Flooding: Reasons and Frequency
Since its foundation, Venice has seen an increase in acqua alta occurrences, which has caused both physical and socio-economic damage to the city. This increase in flooding is the result of many natural forces including: more intense winter storms, rising sea levels, and subsiding land, as well as man-made changes to the natural defenses of the lagoon. Although a portion of the flooding is caused by the tides, the main contributing factors are the low-pressure systems and prevailing winds. The first of which is the Bora, a local northeast wind responsible for driving high water surges, up to 20cm, through the northern and southern areas of the lagoon. Secondly, the Sirocco, a southeast wind from the Sahara, pushes water surges from the Adriatic Sea up the coast and through the ‘funnel.’ The combined forces of these two winds and the daily tides caused the historic flood of 1966 when the waters rose to record heights, nearly two meters higher than any previous flood.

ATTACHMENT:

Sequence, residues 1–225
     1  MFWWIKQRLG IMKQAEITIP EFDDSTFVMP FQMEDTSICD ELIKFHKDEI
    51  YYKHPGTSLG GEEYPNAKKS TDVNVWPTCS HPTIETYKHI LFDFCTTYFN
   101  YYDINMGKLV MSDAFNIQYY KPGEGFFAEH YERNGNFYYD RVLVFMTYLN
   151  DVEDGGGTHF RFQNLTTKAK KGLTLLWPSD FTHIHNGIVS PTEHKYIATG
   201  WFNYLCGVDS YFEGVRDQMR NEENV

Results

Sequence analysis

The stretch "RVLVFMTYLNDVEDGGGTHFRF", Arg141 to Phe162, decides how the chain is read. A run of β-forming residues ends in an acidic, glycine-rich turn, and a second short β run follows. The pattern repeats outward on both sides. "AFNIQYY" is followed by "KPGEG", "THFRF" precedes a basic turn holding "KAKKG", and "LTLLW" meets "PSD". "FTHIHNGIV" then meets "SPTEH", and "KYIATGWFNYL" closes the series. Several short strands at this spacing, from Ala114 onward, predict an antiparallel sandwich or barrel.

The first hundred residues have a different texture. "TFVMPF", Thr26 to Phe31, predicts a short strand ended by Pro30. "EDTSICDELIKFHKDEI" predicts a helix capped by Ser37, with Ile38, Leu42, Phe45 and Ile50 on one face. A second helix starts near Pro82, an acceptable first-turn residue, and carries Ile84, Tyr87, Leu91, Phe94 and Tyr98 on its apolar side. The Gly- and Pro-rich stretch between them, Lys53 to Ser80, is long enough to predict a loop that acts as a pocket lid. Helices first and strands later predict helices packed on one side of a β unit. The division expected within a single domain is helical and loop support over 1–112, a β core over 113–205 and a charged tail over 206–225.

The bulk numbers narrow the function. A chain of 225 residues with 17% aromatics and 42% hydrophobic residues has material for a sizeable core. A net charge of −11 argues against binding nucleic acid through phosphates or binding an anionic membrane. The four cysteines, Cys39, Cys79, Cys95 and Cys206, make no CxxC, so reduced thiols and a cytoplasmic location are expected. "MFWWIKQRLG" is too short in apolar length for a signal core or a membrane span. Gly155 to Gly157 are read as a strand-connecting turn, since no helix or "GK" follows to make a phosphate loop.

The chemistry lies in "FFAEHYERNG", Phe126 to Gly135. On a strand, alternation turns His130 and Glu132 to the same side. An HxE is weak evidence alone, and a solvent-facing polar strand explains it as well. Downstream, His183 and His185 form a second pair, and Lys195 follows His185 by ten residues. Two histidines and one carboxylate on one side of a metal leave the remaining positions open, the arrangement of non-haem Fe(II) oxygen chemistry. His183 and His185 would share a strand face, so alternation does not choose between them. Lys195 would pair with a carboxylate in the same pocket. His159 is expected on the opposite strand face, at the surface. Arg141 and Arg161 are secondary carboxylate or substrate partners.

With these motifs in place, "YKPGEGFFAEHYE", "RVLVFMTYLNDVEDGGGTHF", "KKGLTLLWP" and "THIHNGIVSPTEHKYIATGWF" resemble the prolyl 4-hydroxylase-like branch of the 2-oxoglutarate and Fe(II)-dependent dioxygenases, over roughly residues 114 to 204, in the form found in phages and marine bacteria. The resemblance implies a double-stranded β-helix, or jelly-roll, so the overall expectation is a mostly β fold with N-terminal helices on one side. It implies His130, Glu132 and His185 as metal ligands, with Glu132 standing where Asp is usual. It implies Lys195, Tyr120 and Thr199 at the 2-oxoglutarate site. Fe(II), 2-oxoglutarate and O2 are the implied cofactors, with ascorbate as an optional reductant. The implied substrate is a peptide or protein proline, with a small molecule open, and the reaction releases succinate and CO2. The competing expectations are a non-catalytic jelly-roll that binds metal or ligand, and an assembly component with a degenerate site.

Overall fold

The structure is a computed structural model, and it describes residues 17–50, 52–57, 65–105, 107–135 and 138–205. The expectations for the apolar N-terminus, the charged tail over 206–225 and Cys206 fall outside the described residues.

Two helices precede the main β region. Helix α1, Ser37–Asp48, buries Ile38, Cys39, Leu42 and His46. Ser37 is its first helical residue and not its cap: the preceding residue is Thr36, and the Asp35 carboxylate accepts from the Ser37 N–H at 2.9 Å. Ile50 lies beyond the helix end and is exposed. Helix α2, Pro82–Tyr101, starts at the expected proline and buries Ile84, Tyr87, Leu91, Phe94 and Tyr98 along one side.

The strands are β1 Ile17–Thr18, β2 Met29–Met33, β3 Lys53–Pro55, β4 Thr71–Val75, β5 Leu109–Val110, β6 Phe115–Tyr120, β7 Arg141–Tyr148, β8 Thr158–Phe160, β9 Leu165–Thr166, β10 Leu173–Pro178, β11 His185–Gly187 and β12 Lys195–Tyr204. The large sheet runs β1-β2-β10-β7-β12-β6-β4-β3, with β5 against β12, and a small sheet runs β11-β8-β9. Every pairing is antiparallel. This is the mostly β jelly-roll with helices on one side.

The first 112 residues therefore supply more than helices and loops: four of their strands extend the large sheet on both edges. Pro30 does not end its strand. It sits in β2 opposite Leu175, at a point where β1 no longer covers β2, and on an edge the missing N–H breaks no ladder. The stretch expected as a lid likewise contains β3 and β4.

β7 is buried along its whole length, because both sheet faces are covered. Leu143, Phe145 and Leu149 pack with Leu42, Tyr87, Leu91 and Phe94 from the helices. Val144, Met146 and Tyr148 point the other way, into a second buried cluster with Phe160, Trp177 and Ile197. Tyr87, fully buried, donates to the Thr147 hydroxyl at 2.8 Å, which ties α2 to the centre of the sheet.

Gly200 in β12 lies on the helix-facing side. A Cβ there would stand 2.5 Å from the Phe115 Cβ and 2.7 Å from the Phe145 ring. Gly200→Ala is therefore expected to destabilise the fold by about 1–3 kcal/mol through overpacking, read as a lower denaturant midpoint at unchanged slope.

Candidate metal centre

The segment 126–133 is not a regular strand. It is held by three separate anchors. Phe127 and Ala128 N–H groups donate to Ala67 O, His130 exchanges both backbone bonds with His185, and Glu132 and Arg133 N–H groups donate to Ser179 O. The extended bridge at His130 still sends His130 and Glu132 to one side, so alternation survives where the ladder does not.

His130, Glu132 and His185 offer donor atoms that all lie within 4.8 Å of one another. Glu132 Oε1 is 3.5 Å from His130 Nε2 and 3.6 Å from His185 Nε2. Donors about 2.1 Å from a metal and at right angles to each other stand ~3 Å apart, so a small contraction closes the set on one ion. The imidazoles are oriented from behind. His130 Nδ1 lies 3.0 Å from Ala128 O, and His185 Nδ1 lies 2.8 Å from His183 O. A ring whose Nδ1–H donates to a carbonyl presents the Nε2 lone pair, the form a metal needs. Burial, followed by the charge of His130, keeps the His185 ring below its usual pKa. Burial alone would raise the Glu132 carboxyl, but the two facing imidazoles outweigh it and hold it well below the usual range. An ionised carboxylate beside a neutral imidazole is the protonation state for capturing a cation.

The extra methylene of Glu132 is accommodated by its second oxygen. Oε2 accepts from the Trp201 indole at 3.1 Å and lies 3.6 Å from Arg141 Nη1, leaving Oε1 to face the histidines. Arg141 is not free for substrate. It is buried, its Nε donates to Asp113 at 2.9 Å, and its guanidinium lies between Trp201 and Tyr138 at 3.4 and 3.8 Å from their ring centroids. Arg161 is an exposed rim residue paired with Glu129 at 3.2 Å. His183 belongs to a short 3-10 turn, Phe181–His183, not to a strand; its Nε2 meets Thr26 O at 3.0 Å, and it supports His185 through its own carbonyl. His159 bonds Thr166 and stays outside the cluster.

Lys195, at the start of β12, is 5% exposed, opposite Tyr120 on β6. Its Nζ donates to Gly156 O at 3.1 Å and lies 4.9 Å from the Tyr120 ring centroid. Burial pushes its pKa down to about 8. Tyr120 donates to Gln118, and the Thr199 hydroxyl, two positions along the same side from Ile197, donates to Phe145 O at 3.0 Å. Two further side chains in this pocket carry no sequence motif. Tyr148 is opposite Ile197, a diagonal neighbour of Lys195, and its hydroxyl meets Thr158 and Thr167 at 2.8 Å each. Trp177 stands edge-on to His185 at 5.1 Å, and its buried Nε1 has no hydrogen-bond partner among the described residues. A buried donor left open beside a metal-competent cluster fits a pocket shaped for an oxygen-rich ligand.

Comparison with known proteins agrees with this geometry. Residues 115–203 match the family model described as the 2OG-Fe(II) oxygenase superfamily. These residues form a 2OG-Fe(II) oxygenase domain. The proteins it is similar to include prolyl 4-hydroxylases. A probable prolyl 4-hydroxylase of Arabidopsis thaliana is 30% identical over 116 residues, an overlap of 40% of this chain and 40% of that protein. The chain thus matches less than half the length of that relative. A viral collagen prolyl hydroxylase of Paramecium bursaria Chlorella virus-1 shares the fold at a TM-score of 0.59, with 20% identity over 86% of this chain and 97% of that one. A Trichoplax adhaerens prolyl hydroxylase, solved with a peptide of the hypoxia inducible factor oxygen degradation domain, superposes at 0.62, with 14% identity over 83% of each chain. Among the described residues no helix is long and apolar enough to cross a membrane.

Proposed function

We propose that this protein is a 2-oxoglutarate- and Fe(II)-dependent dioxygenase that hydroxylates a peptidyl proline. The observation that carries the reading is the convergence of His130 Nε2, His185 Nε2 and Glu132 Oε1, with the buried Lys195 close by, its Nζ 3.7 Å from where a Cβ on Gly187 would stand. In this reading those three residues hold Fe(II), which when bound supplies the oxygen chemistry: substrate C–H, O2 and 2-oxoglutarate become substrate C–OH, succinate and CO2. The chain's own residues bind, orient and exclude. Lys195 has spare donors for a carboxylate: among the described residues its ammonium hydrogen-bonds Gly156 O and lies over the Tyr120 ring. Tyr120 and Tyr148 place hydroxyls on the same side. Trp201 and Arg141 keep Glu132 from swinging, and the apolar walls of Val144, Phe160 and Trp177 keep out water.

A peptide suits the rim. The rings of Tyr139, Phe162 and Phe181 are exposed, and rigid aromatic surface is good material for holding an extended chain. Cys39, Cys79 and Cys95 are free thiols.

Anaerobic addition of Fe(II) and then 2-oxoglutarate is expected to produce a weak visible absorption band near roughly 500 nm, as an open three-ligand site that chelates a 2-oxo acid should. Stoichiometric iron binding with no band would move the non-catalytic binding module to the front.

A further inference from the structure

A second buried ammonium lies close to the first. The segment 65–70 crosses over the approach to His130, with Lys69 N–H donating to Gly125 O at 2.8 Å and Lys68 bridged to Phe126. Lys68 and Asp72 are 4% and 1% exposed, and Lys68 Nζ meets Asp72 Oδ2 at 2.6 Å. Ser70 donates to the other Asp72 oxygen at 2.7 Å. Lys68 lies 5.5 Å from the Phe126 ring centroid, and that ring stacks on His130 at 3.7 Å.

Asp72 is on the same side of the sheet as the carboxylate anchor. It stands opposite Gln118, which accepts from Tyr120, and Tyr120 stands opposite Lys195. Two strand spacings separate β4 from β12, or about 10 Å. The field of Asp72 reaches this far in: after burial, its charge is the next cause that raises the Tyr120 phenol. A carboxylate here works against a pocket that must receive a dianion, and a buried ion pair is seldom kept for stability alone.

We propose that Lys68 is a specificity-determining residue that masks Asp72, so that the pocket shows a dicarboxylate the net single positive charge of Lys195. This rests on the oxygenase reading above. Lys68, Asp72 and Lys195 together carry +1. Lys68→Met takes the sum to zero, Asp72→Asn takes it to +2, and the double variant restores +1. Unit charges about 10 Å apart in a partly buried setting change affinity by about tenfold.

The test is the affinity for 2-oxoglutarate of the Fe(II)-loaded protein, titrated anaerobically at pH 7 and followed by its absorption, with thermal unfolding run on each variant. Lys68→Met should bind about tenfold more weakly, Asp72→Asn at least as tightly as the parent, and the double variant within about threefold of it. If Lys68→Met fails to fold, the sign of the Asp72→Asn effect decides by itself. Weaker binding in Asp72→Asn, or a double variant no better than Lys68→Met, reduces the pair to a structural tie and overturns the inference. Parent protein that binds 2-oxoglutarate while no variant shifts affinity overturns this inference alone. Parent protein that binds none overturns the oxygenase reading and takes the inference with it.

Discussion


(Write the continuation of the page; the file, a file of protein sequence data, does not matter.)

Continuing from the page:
Accounts of fifty-four incidents of acqua alta in Venice were recorded between the years 1866 and 1966. Forty-eight of these fifty floods occurred in the last thirty-five years of the hundred-year period. Thirty of these forty-eight floods happened in the final ten years. These numbers do not include the ‘normal’ flooding, which is defined as only covering the pavement. There are 295 instances of ‘normal’ flooding in the period from 1972 to 1974, a marked increase of eighty percent over the period between 1962 to 1964.
 Fletcher, Caroline and Jane Da Mosto. The Science of Saving Venice. Turin: Umberto Allemandi & Co., 2004. p. 32.
 Fay, Stephen, and Phillip Knightley. The Death of Venice. New York: Praeger Publishers, 1976. p. 41.